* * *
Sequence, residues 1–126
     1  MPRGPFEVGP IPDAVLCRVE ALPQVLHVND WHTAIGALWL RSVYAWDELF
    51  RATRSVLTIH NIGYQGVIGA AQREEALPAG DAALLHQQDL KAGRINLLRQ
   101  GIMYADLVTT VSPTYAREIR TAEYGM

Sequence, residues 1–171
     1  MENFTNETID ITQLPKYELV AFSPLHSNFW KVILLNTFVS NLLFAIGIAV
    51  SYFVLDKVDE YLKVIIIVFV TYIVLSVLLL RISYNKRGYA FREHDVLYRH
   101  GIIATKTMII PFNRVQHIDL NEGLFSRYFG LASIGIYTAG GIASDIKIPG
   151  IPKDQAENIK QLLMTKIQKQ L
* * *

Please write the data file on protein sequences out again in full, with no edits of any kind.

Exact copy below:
Sequence, residues 1–126
     1  MPRGPFEVGP IPDAVLCRVE ALPQVLHVND WHTAIGALWL RSVYAWDELF
    51  RATRSVLTIH NIGYQGVIGA AQREEALPAG DAALLHQQDL KAGRINLLRQ
   101  GIMYADLVTT VSPTYAREIR TAEYGM

Sequence, residues 1–171
     1  MENFTNETID ITQLPKYELV AFSPLHSNFW KVILLNTFVS NLLFAIGIAV
    51  SYFVLDKVDE YLKVIIIVFV TYIVLSVLLL RISYNKRGYA FREHDVLYRH
   101  GIIATKTMII PFNRVQHIDL NEGLFSRYFG LASIGIYTAG GIASDIKIPG
   151  IPKDQAENIK QLLMTKIQKQ L